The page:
Like in the case of Pamplany, the Thamarassery Bishop also shares some elements of Islamophobia.
Along with the rubber price, the statement of Remigiose on 20 March indirectly criticised the awarding of a Minorities Welfare Department to a Muslim minister by Chief minister Pinarayi Vijayan.
He alleged that Vijayan handed over the department to a particular person from another religion contrary to the assurances given to the church leaders.
Despite the statement by the Thalassery archbishop becoming a topic of intense debate, no other bishop in Kerala has come forward so far to reject it as an individual’s opinion.
Political observers felt that both love jihad and rubber prices are becoming excuses for the church leadership to forge political ties with the BJP-RSS.
The significance of rubber
The rubber cultivators contribute 2.5 percent GST to the state finances while setting apart the same quantum of GST to the Union government. Among the crops in the state, rubber is the only one that pays tax and is second only to coconut in terms of cultivation area.
For the last several decades, rubber and its price have decided the political approach of Kerala Christians.
For a long time, Congress gained political dividends from the Christian community through central government policies promoting rubber cultivation.
The CPI(M) came to power for a second consecutive time two years ago by bringing the Christian party, the Kerala Congress (M), into its fold.
Most activists and leaders of the Kerala Congress (M) are rubber growers, and the joke was that the political elasticity displayed by the party when it moved to the Left camp was in keeping with the flexible character of natural rubber.
Now, the BJP hopes that, in the long run, the Kerala Congress (M) would come into its camp with the blessings of the church.
Why are rubber prices down?
Climate change has caused a sharp fall in production of rubber, and growers across the state face the tough choice of holding onto the crop or abandoning their generations-old occupation altogether.
When the price of rubber is low, farmers engaged in its cultivation bring down production to keep their losses at a bare minimum, and when the price increases, they tap more to capitalise.
The excess of rubber piling up in central Kerala, devoid of major takers, indicates the decrease in domestic consumption as cheap import alternatives are chosen over locally cultivated products.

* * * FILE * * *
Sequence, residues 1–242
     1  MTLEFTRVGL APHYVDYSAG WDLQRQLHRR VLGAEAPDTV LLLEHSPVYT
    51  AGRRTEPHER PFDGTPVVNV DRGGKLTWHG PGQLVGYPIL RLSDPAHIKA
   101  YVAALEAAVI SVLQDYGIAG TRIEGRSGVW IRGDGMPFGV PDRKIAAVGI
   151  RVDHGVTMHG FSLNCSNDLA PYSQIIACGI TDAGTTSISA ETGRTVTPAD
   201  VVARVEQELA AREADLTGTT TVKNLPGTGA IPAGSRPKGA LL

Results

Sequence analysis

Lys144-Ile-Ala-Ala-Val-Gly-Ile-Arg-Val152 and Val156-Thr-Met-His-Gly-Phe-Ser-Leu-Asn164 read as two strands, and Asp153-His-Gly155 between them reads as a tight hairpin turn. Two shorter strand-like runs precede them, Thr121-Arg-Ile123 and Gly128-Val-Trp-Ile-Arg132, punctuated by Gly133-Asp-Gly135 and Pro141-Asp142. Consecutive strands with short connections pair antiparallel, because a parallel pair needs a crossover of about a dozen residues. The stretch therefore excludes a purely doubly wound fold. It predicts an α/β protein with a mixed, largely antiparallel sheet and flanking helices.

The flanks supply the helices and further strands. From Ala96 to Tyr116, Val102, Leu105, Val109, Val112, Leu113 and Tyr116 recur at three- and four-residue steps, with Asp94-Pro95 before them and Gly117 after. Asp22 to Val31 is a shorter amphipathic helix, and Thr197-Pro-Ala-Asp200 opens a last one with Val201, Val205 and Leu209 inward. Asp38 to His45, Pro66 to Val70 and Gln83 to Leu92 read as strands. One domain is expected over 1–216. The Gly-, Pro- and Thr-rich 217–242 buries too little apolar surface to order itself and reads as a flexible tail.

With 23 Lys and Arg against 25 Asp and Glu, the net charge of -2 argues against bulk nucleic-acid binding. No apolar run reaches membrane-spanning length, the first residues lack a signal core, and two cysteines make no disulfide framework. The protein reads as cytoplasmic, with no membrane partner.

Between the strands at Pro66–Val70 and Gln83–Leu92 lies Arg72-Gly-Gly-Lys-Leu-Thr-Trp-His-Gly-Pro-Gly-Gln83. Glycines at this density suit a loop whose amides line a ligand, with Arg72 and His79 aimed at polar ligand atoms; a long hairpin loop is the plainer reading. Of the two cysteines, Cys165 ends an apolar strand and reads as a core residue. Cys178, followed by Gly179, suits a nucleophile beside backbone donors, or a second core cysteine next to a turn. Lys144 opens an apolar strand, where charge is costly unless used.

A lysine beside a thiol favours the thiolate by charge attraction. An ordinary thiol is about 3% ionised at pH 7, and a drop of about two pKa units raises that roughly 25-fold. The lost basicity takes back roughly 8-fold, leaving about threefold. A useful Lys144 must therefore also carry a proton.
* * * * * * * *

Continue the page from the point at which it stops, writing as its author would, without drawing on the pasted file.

While a global crisis is gripping the rubber sector because of climate change and multiple diseases, the prices are being lowered to the point the growers barely break even.
As the rubber prices continue to decrease to a several-year low, rural Kerala now has plenty of anxious small-scale rubber growers looking at various alternatives to the cash crop, such as fruits. And it is unsure whether they would favour BJP politically as wished by their bishops if they brought in the desired MSP.
Rubber cultivation was a crucial factor in developing many districts in Kerala, especially Kottayam, Pathanamthitta, Idukki, and Ernakulam.
Small towns sprouted in this region, new rubber-related business ventures began, and prosperity was visible everywhere. This was not linked to big planters alone; small planters, too, thrived in the boom. But over the last few years, the scenario gradually changed as the price of rubber started falling.
Stakeholders in trouble
The average price of one kg of natural rubber in December 2022 was ₹142. 53. In 2021, the average price was ₹182. 79. But in 2011, it peaked at ₹243 per kg.
The steady fall in the price of rubber, the increase in labour costs and fertilisers, and the new diseases and climatic changes have put the stakeholders in real trouble.
Added to this is the move by the Centre to scrap the Rubber Act and the Rubber Board, which the rubber planters and small-time farmers here feel will sound the death knell for them.
While Muslims constitute 26.6 percent of Kerala’s demography, the number of Christians in the state is 18.38 percent. As these communities make up almost half of the state’s total population, the only way left before the Sangh Parivar is forging an alliance with Church leaders at one level and the political forces that enjoy the blessings of bishops and priests at another level.
The BJP’s options
The developments related to rubber indicate that BJP may be able to influence some of the church leaders.
In the long run, the BJP hopes to forge alliances with the Kerala Congress (M), which is currently an alliance partner of the ruling LDF, and its breakaway faction, the Kerala Congress (J), which is a constituent of the Opposition UDF.
The BJP hopes to consolidate the powerful Nair and Ezhava community groups in its favour once it works out a power-sharing formula with the Christian-backed political parties.
Even while nurturing high hopes, what makes the BJP-RSS leaders anxious in Kerala is the refusal of the minority community members to toe the political line of their religious leaders.
Society, in general, is cautious about political affiliations and preferences. Across Kerala, Christians seldom go by the political preferences of their religious leaders, and it is almost similar in the case of Nairs and Ezhavas.
In the case of the CPI(M) and the CPI, which head the LDF, and the Congress, which leads the UDF, their support bases are almost intact even now, and they are spread among people of different religious and caste groups.
Irrespective of religious affiliations, Kerala has many people who value politics and electioneering beyond caste and communal grounds.